Monday, 1:00am
10 January 2011

Circle logic

Subjective mapping meets ‘data accuracy’ in The Floating World

The artwork for The Floating World, a new instrumental electronic album by Inch-Time is by designer-illustrator Stefanie Posavec.

She notes that her methods, ‘might irk a rigorous information designer,’ since it applies an ‘infographic’ approach to her subjective responses to the music’s sound – a different circular image for each track on the album.

Inch-time_Booklet 2

‘I notated the up-and-down aspects of the sounds using a pencil, then created the circular designs by repeating the initial pencil sketch according to the number of times the sound was heard within the song,’ Posavec explains. ‘It's a mix of data accuracy and subjective mapping.’

Inch-time_SlipcaseCover1

The CD cover (above) and slipcase (bottom) show all the track diagrams in colour and black and white respectively, while the booklet shows one image per page – like an instrumental lyric sheet.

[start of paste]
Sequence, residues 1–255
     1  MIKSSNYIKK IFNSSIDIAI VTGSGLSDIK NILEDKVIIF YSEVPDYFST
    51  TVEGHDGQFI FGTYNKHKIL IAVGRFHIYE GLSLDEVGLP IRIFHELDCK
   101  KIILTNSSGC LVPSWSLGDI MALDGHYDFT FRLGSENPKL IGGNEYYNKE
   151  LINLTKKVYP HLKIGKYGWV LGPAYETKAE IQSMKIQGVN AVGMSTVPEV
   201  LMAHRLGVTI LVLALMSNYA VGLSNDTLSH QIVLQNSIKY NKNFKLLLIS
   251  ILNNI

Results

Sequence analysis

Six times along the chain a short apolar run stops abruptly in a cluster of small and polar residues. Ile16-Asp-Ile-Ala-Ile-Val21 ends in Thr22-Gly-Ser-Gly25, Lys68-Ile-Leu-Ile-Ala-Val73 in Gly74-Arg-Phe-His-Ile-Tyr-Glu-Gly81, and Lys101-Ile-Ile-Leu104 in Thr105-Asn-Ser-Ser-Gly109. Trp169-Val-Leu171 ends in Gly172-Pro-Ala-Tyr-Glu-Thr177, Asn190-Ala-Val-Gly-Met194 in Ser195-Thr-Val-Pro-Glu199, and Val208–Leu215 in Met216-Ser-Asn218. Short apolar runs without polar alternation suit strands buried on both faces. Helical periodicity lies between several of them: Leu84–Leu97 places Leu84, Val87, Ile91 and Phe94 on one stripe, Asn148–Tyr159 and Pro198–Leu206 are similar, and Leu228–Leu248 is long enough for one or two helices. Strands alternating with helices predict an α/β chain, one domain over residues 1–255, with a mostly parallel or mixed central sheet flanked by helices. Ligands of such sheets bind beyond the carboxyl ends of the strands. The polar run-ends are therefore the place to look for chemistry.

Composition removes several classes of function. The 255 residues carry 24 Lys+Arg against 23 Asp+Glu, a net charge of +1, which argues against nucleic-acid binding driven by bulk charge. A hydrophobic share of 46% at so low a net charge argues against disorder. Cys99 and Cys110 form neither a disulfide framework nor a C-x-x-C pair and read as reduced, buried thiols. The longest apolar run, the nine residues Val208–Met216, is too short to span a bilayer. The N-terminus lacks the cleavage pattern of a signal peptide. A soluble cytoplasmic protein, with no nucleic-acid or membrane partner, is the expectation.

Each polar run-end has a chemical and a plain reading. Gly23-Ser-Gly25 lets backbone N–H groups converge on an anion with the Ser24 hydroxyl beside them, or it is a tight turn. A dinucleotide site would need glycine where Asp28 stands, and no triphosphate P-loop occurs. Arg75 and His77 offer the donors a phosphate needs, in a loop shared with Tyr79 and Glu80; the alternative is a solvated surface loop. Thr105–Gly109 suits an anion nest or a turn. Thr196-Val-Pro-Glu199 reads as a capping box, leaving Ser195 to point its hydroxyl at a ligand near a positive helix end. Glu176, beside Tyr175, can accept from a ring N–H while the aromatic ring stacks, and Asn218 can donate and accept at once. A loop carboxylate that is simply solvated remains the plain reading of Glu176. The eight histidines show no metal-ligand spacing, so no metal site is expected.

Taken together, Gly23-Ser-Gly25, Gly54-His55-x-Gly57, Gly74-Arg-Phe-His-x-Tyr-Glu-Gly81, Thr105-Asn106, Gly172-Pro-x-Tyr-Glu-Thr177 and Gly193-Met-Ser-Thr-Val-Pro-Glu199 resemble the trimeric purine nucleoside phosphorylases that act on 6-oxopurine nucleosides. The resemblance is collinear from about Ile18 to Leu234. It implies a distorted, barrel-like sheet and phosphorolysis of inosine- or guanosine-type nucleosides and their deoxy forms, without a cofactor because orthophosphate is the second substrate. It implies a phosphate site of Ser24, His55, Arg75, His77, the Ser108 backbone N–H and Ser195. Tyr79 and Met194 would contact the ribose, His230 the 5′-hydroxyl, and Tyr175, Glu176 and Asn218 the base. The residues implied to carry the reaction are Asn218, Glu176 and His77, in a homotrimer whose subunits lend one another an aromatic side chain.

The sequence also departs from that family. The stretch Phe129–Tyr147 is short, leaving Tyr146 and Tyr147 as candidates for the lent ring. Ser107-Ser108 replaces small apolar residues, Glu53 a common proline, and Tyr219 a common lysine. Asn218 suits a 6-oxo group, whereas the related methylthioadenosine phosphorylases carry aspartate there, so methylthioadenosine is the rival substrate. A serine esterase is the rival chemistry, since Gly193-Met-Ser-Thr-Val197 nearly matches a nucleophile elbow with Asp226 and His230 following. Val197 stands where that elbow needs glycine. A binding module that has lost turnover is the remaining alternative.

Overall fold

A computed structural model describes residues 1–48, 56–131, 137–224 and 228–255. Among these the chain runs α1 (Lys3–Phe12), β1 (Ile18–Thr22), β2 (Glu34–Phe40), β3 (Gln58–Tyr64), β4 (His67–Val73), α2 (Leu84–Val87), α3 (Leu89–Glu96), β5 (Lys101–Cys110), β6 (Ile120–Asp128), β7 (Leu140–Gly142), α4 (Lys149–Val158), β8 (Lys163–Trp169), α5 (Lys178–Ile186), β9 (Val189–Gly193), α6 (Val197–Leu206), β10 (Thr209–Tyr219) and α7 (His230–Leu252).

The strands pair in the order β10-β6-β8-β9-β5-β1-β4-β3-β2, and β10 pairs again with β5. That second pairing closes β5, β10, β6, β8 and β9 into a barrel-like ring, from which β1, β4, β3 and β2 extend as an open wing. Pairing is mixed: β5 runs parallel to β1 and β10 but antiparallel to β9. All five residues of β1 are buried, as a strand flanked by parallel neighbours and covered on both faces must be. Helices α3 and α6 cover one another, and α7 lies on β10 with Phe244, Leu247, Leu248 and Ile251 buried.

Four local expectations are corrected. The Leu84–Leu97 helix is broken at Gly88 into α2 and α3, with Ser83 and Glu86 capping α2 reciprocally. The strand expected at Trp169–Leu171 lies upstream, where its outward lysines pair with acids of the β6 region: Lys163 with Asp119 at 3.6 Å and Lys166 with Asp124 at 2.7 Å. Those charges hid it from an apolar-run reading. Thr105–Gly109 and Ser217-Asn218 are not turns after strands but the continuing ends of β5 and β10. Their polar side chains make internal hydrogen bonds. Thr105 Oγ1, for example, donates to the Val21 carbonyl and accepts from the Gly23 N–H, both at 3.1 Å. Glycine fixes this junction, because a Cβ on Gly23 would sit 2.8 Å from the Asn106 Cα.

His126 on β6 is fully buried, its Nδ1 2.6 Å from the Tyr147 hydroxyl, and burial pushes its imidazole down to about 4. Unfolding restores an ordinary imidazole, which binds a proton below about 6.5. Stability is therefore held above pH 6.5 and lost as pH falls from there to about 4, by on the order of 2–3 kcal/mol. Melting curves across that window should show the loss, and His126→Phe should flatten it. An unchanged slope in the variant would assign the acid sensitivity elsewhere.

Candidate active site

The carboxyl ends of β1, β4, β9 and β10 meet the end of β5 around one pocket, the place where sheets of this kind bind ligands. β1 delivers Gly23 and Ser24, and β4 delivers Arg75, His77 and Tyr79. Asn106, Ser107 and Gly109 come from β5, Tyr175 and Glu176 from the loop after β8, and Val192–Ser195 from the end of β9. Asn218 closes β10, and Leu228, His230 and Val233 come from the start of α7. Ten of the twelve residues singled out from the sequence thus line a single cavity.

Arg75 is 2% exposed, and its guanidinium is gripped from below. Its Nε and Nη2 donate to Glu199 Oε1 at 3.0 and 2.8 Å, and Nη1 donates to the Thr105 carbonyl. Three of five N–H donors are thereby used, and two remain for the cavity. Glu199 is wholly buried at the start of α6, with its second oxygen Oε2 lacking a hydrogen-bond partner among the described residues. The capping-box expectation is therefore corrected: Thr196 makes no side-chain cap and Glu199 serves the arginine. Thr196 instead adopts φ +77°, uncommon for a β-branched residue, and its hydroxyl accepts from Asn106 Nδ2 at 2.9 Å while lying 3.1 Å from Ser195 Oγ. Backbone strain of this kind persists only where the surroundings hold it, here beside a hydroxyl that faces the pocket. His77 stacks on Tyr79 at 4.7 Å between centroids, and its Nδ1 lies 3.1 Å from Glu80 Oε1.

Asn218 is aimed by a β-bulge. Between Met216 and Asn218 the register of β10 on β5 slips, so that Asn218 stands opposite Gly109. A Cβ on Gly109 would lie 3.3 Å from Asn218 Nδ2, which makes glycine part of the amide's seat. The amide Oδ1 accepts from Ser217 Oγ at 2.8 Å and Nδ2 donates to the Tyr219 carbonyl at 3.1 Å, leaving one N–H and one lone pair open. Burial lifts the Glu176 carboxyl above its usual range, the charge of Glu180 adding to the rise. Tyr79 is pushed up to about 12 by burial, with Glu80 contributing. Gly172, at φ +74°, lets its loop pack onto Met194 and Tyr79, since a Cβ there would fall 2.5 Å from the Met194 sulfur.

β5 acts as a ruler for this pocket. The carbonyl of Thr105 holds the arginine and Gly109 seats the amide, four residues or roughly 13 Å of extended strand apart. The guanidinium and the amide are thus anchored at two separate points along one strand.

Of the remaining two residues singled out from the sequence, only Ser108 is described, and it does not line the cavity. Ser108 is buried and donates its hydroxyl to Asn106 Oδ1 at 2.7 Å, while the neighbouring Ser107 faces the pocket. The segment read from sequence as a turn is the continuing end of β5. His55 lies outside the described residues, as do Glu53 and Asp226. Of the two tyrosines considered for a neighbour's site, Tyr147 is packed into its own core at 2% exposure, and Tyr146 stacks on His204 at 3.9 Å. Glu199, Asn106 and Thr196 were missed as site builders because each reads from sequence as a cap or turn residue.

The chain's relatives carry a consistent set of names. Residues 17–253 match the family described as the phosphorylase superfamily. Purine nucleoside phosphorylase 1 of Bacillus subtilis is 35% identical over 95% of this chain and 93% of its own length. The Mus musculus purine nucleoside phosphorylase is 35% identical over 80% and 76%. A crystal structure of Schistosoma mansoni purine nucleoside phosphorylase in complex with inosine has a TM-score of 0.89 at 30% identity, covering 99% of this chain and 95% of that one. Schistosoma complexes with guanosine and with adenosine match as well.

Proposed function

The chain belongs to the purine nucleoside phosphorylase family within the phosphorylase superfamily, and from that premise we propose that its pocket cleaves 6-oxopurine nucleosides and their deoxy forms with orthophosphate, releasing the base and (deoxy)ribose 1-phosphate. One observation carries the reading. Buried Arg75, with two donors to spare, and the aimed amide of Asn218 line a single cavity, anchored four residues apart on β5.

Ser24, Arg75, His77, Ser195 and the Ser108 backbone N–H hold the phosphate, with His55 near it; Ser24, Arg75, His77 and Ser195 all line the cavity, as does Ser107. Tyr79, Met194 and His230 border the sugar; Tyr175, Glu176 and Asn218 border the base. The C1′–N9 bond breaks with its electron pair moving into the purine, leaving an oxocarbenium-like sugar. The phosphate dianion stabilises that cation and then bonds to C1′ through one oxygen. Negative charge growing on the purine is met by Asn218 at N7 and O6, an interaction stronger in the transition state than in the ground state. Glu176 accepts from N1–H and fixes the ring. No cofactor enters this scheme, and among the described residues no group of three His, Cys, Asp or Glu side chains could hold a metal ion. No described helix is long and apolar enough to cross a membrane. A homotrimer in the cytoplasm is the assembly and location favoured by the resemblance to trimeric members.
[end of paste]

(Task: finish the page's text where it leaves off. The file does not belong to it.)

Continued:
Inch-time_Booklet 6

So the graphics tell you something about the way the tracks differ from each other in texture and activity.

Inch-time is the nom de disque of Stefan Panczak, who made The Floating World on a laptop, citing the inspiration of Japanese artists Hiroshige and Hokusai. You can hear and buy Panczak’s music on his Mystery Plays Records site.

Inch-time_Booklet

More about Stefanie Posavec at her site www.itsbeenreal.co.uk. and on ‘Designing MyFry’ on the Eye blog.

Eye is the world’s most beautiful and collectable graphic design journal, published quarterly for professional designers, students and anyone interested in critical, informed writing about graphic design and visual culture. It’s available from all good design bookshops and online at the Eye shopEye 78 is on press. For a taste of the last issue, no. 77, see Eye before you buy on Issuu.

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